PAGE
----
Further to the “Avatar” Post: the “It’s Just a Movie” Argument

So I brought up my reasons for not liking Avatar on the Etsy forums the other day (check out the thread HERE if you’ve got some time on your hands).  I’ve gotten some interesting opinions and arguments.  But one particularly distasteful point keeps coming up: the “it’s just a movie” argument.  Here’s a few samples:

pinque says: “it is just a movie. I try not to dig too deep or I will give my self[sic] a damn headache and not enjoy anything in life”

ManicManx says: “Sometimes a movie is just a movie.
I like to go to a movie for enjoyment.
I really enjoyed this movie.
If it was[sic] realistic I might as well stay home and do my taxes.
That would be more than enough drama for me.”

bluecitrusart says: “Too much analyzing, seriously. It’s a movies[sic],
it’s entertainment,[sic] it’s not a political agenda.
I didn’t see any racism there,[sic] it was beautifully done,[sic]
I escaped reality for a while,[sic] it was GREAT.”

This really saddens me.  Some of the people making this argument are people who I have a lot of respect for as artists, and yet it seems that they just don’t see the power that art has.  Shakespeare says that “art … holds the mirror up to nature”, but even that is shy of the mark:  art both reflects and affects the world.  The ability of mass media to reach millions of people at a time only multiplies this property: when everyone is experiencing the same thing (be it a movie, TV show, piece of music, whatever), that piece of art has the ability to shape how all of those millions of people see the world.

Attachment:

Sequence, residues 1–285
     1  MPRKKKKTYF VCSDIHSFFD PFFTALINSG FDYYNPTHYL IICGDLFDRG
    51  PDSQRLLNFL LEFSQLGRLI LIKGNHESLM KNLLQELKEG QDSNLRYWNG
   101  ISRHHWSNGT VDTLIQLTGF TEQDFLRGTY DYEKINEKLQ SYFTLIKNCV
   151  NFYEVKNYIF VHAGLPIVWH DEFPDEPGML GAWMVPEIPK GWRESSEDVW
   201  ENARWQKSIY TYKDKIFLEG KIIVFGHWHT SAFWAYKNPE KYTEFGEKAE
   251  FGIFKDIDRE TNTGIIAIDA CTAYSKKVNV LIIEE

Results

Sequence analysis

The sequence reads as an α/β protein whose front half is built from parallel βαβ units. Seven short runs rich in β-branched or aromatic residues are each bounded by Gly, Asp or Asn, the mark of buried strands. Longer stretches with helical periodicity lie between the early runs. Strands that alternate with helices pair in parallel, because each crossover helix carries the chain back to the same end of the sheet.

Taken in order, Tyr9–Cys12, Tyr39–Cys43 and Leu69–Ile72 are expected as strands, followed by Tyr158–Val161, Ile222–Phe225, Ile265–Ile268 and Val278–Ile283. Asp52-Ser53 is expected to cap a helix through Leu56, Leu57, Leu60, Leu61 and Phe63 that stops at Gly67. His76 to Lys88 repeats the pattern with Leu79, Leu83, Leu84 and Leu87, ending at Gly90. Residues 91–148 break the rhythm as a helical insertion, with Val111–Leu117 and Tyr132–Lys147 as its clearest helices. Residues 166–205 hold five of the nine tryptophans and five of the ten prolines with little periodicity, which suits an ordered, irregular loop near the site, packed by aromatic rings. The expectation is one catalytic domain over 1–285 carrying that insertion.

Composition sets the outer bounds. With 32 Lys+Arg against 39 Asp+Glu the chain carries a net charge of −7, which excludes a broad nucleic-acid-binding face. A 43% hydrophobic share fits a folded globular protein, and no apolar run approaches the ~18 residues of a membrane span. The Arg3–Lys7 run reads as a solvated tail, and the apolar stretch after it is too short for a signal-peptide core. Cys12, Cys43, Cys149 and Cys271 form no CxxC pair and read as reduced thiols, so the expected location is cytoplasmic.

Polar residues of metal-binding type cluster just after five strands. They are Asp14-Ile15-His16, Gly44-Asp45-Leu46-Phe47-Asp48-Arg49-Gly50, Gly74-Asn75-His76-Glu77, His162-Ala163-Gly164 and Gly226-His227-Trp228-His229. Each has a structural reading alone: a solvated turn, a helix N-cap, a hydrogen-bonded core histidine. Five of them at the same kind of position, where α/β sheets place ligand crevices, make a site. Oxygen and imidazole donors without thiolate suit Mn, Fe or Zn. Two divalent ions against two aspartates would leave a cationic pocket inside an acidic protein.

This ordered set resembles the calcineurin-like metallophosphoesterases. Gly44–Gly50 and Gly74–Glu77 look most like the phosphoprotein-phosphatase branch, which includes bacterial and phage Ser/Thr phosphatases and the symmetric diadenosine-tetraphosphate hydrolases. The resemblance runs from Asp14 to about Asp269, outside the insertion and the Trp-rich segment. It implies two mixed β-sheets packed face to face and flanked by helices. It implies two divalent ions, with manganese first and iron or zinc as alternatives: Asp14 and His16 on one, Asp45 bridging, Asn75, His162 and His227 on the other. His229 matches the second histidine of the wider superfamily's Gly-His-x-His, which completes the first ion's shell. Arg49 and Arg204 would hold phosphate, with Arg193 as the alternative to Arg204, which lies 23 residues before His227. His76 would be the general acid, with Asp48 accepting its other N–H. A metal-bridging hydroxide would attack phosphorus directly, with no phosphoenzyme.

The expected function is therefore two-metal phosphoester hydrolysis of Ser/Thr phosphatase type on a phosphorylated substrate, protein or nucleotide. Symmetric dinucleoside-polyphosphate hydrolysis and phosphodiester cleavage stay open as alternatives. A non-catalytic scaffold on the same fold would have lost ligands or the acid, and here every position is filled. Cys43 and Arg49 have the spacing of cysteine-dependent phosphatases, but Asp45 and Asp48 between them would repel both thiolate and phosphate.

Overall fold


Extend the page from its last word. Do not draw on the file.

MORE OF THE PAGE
So when we are presented with something like Avatar, which holds up racist stereotypes, we can’t in good conscience just sit back and enjoy.  We can acknowledge what is good about the film — it really is very pretty — but then we need to get down to the serious business of analyzing what we have been given.  And that analysis really doesn’t have to be an in-depth one.  I apply critical theory techniques to give a serious reading of what I see — but that’s just my university training coming out.  Just acknowledging that there is an issue, even if we don’t go too far into dissecting it, is enough.  Saying, “yeah, I saw that there were some racist implications there” confronts those implications.  It stops you from accepting and absorbing them.  But if we simply suspend our disbelief and let the movie wash over our numbed brains, we are accepting this message at face value.  We are accepting racism, in the name of mindless entertainment.  I can’t think how that could be more selfish.

This argument especially bothers me when it is applied to kids.

jenNco2 says: “Here’s why I liked it. It was pretty and entertaining and my 12 year old kids could follow it. They enjoyed themselves there and it was visually beautiful. Sometimes, for me, a “pretty” movie with an easy plot is good once in a while.”

Holy.  Crap.

You took your kids to this movie, and DIDN’T take the opportunity to teach them that racism is wrong?  I don’t think I even need to comment on that.  Just saying it is enough.

Another argument that has been made is the “stop looking at it and it will just go away” argument.

KarmaRox says: “if people quite thinking ‘racism’ at every turn of the corner, racism is[sic] this world will die out.”

Now, that argument may work for monsters under the bed, but for a more tangible threat it’s a bit of a silly thing to say.  If we stop thinking about climate change, will it stop happening?  If women stop thinking about the “glass ceiling” in the workplace, will they suddenly (with no further effort) start being appointed to high-level positions in business?  It’s the same with racism.  Yes, if absolutely everybody on the planet stopped thinking about race as a dividing factor, it would go away.  But not pointing out racism as it appears only empowers those who create such messages, allowing them to continue spewing hateful garbage.  Saying “hey, that’s racist,” doesn’t take a lot of effort — but it’s standing up for what’s right.


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